• Different facets of biodiversity other than species numbers are increasingly appreciated as critical for maintaining the function of ecosystems and their services to humans. While new international policy and assessment processes such as the Intergovernmental Science-Policy Platform on Biodiversity and Ecosystem Services (IPBES) recognize the importance of an increasingly global, quantitative and comprehensive approach to biodiversity protection, most insights are still focused on a single facet of biodiversity—species. Here we broaden the focus and provide an evaluation of how much of the world’s species, functional and phylogenetic diversity of birds and mammals is currently protected and the scope for improvement. We show that the large existing gaps in the coverage for each facet of diversity could be remedied by a slight expansion of protected areas: an additional 5% of the land has the potential to more than triple the protected range of species or phylogenetic or functional units. Further, the same areas are often priorities for multiple diversity facets and for both taxa. However, we find that the choice of conservation strategy has a fundamental effect on outcomes. It is more difficult (that is, requires more land) to maximize basic representation of the global biodiversity pool than to maximize local diversity. Overall, species and phylogenetic priorities are more similar to each other than they are to functional priorities, and priorities for the different bird biodiversity facets are more similar than those of mammals. Our work shows that large gains in biodiversity protection are possible, while also highlighting the need to explicitly link desired conservation objectives and biodiversity metrics. We provide a framework and quantitative tools to advance these goals for multi-faceted biodiversity conservation.

  • Applying systems-level spectral imaging and analysis to reveal the organelle interactome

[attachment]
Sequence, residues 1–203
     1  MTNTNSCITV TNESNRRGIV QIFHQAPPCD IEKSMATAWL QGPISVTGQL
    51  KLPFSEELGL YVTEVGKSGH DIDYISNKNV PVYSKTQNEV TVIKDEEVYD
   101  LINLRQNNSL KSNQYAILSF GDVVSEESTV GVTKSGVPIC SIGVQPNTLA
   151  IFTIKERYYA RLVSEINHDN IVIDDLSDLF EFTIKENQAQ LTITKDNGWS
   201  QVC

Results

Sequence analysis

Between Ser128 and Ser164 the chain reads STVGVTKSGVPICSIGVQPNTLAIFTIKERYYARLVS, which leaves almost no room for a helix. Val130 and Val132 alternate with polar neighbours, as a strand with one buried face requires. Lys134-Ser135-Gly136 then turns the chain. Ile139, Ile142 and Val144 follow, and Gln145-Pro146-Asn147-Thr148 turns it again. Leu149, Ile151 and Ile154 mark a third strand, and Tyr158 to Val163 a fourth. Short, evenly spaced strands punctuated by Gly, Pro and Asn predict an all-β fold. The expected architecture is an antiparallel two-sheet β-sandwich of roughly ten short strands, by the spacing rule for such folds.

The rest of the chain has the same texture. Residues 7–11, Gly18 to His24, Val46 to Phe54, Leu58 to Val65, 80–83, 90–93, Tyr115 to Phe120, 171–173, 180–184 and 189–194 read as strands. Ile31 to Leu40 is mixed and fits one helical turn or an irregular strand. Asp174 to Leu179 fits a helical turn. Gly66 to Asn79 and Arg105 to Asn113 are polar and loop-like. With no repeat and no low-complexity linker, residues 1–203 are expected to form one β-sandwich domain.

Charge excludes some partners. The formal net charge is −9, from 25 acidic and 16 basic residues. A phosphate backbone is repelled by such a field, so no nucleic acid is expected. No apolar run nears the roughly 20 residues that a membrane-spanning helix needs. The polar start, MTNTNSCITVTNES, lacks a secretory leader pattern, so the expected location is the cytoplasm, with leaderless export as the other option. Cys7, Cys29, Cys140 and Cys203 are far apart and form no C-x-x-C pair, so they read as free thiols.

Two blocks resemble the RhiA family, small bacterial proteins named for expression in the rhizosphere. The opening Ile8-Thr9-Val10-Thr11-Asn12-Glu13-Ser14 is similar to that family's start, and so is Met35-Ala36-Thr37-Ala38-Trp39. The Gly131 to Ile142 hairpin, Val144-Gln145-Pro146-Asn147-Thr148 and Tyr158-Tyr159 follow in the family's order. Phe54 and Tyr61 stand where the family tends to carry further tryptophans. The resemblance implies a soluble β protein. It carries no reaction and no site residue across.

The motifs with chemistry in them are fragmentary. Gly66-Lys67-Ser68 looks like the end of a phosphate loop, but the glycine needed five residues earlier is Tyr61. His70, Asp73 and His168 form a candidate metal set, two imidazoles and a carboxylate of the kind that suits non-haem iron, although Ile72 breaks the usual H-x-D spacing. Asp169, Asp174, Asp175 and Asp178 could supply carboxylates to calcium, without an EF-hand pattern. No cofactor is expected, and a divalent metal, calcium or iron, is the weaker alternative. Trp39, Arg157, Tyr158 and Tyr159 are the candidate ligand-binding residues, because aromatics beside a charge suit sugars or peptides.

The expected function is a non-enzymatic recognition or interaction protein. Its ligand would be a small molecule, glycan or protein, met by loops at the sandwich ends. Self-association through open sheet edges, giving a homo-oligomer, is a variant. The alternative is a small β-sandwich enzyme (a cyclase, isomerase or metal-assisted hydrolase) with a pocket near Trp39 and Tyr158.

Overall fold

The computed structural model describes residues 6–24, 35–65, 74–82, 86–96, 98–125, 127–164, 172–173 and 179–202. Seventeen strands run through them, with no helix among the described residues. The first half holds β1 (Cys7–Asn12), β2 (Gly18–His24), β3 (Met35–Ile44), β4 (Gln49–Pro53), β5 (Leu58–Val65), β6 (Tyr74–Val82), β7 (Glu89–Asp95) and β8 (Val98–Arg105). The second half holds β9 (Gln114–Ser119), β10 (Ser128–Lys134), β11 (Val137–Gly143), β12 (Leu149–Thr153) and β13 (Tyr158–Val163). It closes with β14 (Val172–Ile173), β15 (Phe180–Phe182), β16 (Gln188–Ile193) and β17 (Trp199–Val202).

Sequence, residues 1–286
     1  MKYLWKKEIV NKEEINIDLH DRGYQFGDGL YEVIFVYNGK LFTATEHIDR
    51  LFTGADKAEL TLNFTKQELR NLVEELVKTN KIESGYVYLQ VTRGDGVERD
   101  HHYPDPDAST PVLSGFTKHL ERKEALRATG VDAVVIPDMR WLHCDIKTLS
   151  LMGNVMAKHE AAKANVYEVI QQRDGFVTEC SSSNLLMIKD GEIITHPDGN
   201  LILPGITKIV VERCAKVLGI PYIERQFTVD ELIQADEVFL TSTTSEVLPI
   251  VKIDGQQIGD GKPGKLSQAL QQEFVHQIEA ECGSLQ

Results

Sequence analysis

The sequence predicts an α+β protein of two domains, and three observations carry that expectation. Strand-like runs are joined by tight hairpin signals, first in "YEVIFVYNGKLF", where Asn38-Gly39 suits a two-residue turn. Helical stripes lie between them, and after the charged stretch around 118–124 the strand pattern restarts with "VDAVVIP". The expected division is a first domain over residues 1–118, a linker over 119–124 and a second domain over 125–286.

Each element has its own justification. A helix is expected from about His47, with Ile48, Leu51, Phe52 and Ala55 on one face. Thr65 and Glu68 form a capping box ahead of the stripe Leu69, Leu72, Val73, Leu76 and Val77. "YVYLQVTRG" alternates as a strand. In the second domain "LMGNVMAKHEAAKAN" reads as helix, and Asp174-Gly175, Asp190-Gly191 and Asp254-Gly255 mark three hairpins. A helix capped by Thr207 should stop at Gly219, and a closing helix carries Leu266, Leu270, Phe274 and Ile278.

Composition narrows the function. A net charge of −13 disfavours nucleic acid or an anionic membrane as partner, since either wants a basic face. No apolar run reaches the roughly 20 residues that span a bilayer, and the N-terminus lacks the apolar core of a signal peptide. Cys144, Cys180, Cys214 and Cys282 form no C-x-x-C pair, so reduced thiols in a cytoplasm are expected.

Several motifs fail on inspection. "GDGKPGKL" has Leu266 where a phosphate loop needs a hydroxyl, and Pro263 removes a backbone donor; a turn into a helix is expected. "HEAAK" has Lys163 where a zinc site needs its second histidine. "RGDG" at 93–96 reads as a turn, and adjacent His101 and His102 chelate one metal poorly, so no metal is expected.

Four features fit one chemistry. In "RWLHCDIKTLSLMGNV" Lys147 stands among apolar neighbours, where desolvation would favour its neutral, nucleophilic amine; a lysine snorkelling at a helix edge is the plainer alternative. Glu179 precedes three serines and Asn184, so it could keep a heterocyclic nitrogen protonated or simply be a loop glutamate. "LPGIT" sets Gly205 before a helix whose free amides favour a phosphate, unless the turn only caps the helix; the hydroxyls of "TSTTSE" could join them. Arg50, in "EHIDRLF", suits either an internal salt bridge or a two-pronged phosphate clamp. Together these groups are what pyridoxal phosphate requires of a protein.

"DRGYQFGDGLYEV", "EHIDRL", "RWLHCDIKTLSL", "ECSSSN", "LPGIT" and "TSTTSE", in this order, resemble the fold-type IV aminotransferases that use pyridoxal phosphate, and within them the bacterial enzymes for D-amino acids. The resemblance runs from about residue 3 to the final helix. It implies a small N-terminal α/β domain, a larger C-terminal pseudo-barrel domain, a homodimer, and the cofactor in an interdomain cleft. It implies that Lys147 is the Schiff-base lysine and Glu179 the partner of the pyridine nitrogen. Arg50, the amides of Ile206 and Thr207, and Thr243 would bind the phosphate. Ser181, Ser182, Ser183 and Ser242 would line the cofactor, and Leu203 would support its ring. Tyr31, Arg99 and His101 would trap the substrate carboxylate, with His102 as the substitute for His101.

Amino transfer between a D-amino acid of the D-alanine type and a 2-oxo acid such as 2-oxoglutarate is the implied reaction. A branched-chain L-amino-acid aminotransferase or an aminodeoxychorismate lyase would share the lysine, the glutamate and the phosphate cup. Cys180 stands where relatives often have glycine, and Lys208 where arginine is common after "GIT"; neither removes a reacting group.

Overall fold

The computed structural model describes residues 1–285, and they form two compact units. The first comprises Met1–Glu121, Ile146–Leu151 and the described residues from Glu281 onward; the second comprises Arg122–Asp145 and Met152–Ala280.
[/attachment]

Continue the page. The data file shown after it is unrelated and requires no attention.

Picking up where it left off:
• The organization of the eukaryotic cell into discrete membrane-bound organelles allows for the separation of incompatible biochemical processes, but the activities of these organelles must be coordinated. For example, lipid metabolism is distributed between the endoplasmic reticulum for lipid synthesis, lipid droplets for storage and transport, mitochondria and peroxisomes forβ-oxidation, and lysosomes for lipid hydrolysis and recycling. It is increasingly recognized that organelle contacts have a vital role in diverse cellular functions. However, the spatial and temporal organization of organelles within the cell remains poorly characterized, as fluorescence imaging approaches are limited in the number of different labels that can be distinguished in a single image. Here we present a systems-level analysis of the organelle interactome using a multispectral image acquisition method that overcomes the challenge of spectral overlap in the fluorescent protein palette. We used confocal and lattice light sheet instrumentation and an imaging informatics pipeline of five steps to achieve mapping of organelle numbers, volumes, speeds, positions and dynamic inter-organelle contacts in live cells from a monkey fibroblast cell line. We describe the frequency and locality of two-, three-, four- and five-way interactions among six different membrane-bound organelles (endoplasmic reticulum, Golgi, lysosome, peroxisome, mitochondria and lipid droplet) and show how these relationships change over time. We demonstrate that each organelle has a characteristic distribution and dispersion pattern in three-dimensional space and that there is a reproducible pattern of contacts among the six organelles, that is affected by microtubule and cell nutrient status. These live-cell confocal and lattice light sheet spectral imaging approaches are applicable to any cell system expressing multiple fluorescent probes, whether in normal conditions or when cells are exposed to disturbances such as drugs, pathogens or stress. This methodology thus offers a powerful descriptive tool and can be used to develop hypotheses about cellular organization and dynamics.